Amanda belted “Baby Please Don’t Go” in her trademark raspy voice, which is not everyone’s cup of tea, while Joanne attempted the impossible “I Say A Little Prayer For You” and fell short. Simon’s critique that Joanne’s performance of a cabaret version of a cabaret song doomed her, methinks, and Ryan quickly reveals that Amanda is safe. You need to keep a crazypants on board to keep things interesting, even though I doubt she’ll be the next Idol. Simon sips his drink and remarks how much he loves Coca-Cola while remarking that Wednesday marked Joanne’s worst performance ever. That’s all it takes. Joanne tries to depart gracefully, explaining that “Sunday..err, Wednesday” didn’t show her true colors. Sunday, huh?
Girl, get Botox injections to plug up those tear ducts ’cause God don’t like ugly criers.
Cut to the obligatory shot of girls sobbing and holding each other. Ramiele, stop blubbering! It makes you look super un-cute, and you’ll give yourself a headache. I’m sure there’s mega-editing, but it looks like the loser’s parents/family are ushered pretty quickly onto the balcony for the departed’s final song. Do you think they’re just waiting in the wings the whole time? I think the bottom two should be given the option of jousting, Gladiators style, for the safe slot. Well, only in cases where they’re virtually indistinguishable from each other. Anywho, plus-size Joanne will keep on singing and living the dream, somehow.
I say a little prayer for you, Ugly Hat.
Three down, one to go! Who’s leaving The Boyzzz Club tonight? Seacrest summons Chikezie and Colton. It’s no question who’s going home here. Let’s face it – America is not going to kick off the token brother on this show, and Chikezie does have a fantastic, distinct voice, just crappy taste in songs and outfits.
Colton sang “Suspicious Minds” and Randy and Paula felt okay with it, while Simon said the performance wasn’t relevant and a complete waste of his time. Randy thought “More Than Yesterday” was decent, while Simon believed it could’ve been filmed 40 years ago. But I think Chikeze can be molded and trained, while Colton just seems like a little kid playing in the sandbox.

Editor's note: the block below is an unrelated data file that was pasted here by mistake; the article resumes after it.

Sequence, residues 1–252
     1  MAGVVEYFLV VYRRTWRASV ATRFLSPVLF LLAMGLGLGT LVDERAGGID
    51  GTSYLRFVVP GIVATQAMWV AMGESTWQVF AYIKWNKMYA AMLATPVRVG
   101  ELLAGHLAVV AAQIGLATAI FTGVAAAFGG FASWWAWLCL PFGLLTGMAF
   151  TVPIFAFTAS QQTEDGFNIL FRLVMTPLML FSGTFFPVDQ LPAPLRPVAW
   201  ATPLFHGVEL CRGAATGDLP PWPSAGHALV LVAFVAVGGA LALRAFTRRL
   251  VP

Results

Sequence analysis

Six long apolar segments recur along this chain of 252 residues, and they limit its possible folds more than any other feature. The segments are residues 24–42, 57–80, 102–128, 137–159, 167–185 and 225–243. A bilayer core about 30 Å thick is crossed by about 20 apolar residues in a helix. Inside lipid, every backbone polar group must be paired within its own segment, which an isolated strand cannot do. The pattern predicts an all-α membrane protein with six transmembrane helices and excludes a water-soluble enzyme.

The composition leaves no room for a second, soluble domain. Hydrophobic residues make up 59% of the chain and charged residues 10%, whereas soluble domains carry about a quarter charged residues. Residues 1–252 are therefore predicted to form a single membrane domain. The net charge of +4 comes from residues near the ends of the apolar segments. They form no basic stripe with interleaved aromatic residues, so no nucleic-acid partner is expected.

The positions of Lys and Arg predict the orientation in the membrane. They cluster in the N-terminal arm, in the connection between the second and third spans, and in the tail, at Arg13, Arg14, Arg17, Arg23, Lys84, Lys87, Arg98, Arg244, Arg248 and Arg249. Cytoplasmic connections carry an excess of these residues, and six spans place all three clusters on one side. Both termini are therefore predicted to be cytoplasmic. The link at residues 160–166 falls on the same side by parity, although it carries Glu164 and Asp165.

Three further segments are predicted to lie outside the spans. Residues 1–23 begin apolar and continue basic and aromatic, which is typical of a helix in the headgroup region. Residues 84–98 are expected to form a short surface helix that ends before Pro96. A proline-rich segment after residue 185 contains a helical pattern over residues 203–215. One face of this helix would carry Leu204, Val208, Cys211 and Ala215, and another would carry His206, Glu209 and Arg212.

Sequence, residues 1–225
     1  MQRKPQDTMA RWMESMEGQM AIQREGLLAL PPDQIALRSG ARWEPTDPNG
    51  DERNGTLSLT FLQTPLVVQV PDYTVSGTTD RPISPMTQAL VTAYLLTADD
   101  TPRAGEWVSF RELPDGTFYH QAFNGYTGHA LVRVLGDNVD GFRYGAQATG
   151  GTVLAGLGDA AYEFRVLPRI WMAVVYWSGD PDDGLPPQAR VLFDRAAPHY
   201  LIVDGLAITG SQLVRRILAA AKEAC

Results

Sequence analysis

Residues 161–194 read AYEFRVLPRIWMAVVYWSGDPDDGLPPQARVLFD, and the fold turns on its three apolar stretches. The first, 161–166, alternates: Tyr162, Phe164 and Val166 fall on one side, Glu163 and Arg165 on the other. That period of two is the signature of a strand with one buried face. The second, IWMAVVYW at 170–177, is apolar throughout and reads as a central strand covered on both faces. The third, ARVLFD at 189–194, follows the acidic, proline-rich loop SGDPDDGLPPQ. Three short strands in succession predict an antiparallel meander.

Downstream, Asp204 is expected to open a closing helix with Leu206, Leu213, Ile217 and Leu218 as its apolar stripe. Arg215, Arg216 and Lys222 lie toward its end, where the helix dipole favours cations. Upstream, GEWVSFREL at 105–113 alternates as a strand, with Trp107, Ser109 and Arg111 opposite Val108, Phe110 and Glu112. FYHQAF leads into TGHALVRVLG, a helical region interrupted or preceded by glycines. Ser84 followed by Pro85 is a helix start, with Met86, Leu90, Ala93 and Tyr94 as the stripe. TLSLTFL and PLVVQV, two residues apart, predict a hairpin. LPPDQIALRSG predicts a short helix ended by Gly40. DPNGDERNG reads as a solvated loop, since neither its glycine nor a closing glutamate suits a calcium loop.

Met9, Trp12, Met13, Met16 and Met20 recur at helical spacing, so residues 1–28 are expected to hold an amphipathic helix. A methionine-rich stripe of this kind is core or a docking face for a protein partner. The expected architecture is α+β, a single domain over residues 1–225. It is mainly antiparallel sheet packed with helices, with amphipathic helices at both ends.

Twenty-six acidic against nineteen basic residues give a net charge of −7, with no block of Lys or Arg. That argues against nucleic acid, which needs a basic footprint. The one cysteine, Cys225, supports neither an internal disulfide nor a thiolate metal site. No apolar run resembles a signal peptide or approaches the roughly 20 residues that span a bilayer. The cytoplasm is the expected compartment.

And we’ll say goodnight to…Colton. YES. The little theme song that plays after the announcement is super anti-climactic, I must say. It doesn’t hold a candle to the DUN DUN sound effect from Law and Order. Time to go try out for High School Musical or be a body double on Hannah Montana. Paula encourages him and says that he needs to take the time to find the right songs and just go for it. Randy also tells Colton to keep pursuing his dreams. Stop being an enabler, Randy.
In the harshest reality check of the night, Simon takes this moment to advise Colton to get a good job, and to just enjoy singing as a hobby on the side. “I don’t believe you’ll make a successful career out of it,” says the Dream Killer, horrifying Paula and Randy. He’s kinda right. I wouldn’t even download his iTunes tracks for free. I can see Colton performing on a Disney cruise and having the time of his life. Do it!
Montage of the bottom four being led to believe they have a shot at the top 5. I’ll spare you the details, but it involves lots of hugging, crying, and quotes about wanting to change the world with a song. Oh, and Amy’s quote about how being on AI is the equivalent of having 100 Christmases on the same day as a six-year-old girl. I read a story about a little girl who wanted Christmas every day, and she got her wish. It turned into a nightmare, especially when people ran out of turkeys and coal lumps became more precious than diamonds, and firecrackers on the Fourth of July nearly killed people because they turned into candy canes mid-explosion. Imagine sugary shrapnel everywhere.
Colton’s swan song is honestly stronger than the other three, so the producers at least picked the highest note to end on. He’s fighting tears, and we pan to the other guys, with close-ups of Danny Noriega pouting like Santa cancelled Christmas. I can’t handle the sobfest, ’cause this ain’t summer camp where everyone promises to write each other letters and exchange friendship bracelets. If only they could somehow make this process deceptively joyful, like the release ceremony of old people in the book The Giver. The old people think they’re going to the equivalent of The Island where they’ll be pampered for the rest of their lives. You even get a party! But really, they’re just getting a lethal injection, Kevorkian style, and settling in the The Big Sleep.
You’re not real. You’re copies of people out here in the world who suck at singing.
Auf wiedersehen, darling Colton, Garrett, Amy and Joanne — we won’t really miss any of you. Who’s going to rock next week? Who’s going to suck and blow? Who will reveal that they calm their nerves by memorizing the philosophical writings of Kierkegaard and Nietzsche? Seriously, that’s less weird than singing the Teletubbies theme song to yourself, right?